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by rachael cheong & sheryll goh

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party happens on 20th december


strictly by rsvp only

Exhibition residue Runs from 21st december to 19th January

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About rachael cheong

Rachael Cheong (b. 1994, Singapore) graduated from the Royal Academy of Art, The Hague with a Bachelors in Fashion Design. She still has a 100 years of sleep debt to pay off. Being the hardworking fashion slave she is, she has swept the floor for designers such as A.F. Vandevorst and LVMH prize winner Marine Serre.  Always tired but will work for a matcha latte, Cheong works under the artist name Closet Children where she explores her fascination with the dark side of human nature, the distortion of the familiar and comfortable.

About sheryll goh

Sheryll Goh (b. 1993, Singapore) graduated from the Glasgow School of Art, with a Bachelors in Textile Design and poisonous jellies. Sustained on an artist diet of £3 Tesco meal deals, she has organised the toolbox for Glasgow-based design curatorial unit Panel and professionally delivered invites across London for 2018 BFC/Vogue Fashion Fund winner Molly Goddard. Goh works under the studio name PANDAN DREAMS where she delves into the drama of messy nostalgia, everyday ceremonies and home cooking.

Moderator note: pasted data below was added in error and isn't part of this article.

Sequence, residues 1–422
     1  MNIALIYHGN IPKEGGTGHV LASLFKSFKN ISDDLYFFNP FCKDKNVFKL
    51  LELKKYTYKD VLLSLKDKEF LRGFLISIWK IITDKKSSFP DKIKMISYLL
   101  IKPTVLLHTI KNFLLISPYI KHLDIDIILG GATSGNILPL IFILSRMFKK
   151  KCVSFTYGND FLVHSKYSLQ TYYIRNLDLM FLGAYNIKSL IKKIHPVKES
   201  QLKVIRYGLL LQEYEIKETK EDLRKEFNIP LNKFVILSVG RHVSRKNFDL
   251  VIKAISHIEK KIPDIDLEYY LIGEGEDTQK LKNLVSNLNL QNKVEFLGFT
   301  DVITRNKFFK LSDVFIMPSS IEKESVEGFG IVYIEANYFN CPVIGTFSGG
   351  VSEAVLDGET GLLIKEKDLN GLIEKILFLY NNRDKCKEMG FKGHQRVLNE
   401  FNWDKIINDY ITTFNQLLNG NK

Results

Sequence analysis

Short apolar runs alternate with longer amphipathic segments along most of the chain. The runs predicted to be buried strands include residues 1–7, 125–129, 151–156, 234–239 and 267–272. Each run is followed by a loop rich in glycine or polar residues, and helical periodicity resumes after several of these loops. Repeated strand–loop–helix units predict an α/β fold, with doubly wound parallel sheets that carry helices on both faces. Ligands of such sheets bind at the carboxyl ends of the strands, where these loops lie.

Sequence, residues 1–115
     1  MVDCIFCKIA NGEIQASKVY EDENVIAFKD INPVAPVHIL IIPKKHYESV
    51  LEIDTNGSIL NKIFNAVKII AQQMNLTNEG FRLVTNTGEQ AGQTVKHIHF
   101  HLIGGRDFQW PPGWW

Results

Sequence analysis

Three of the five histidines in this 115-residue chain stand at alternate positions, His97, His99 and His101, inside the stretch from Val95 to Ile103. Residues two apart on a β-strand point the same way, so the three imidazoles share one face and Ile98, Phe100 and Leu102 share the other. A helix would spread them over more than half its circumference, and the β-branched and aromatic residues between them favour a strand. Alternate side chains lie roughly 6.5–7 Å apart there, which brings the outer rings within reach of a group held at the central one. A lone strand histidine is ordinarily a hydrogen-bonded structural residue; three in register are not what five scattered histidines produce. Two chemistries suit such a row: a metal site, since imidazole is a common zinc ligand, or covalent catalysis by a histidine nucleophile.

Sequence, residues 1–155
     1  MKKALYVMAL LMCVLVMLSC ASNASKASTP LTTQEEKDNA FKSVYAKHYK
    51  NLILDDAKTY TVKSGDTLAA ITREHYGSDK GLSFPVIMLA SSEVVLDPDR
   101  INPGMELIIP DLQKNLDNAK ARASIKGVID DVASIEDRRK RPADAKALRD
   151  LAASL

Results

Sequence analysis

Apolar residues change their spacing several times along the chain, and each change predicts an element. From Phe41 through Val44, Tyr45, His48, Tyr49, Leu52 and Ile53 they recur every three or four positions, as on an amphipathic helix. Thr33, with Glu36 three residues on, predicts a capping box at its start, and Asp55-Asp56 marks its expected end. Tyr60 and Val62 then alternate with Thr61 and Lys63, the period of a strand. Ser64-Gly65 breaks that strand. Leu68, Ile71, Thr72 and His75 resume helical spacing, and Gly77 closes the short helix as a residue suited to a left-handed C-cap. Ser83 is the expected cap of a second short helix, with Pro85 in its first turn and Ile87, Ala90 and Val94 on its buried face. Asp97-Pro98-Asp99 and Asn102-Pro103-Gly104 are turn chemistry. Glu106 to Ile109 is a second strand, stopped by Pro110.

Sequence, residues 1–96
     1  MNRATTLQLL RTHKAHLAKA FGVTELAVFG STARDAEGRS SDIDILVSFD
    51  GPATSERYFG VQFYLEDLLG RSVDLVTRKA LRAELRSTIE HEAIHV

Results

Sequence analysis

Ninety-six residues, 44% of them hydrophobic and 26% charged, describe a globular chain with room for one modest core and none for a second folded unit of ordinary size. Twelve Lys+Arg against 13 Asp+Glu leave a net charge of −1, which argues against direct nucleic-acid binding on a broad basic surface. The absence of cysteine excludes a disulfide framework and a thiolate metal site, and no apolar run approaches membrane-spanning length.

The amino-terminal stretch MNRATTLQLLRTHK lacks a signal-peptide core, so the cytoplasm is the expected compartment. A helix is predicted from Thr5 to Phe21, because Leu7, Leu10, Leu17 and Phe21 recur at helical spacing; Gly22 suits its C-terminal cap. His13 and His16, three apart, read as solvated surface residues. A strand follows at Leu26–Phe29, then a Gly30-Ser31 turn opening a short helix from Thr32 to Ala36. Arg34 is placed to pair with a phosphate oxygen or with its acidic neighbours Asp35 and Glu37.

ABOUT awkward party

70’s Aerobics Classes. 80’s Corporate Functions. 90’s House Warmings. Awkwardness - it’s hard to shake it off. 


Just in time for the festivities, Goh x Cheong bring you AWKWARD PARTY. Join in the fun, where being awkward is 100% socially acceptable.

Goh x Cheong are socially awkward partners in crime exploring material histories, cultural kitsch and the art of people watching.  

We then close our programme this year with an AWKWARD PARTY by Rachael and Sheryll. The duo will be creating an atmospheric installation responding to time and space indefinitely hurtling forward by loudly shutting it down with a party reminiscent of the uncomfortable family gatherings from our childhoods. The team will utilize bespoke furniture coverings, food display and old-school jams to nudge us through an oddly familiar domestic setting, to think about how the built environment can assist in cultivating home and place, as well as, how memorable childhood experiences in the public realm can be transformational in community building.


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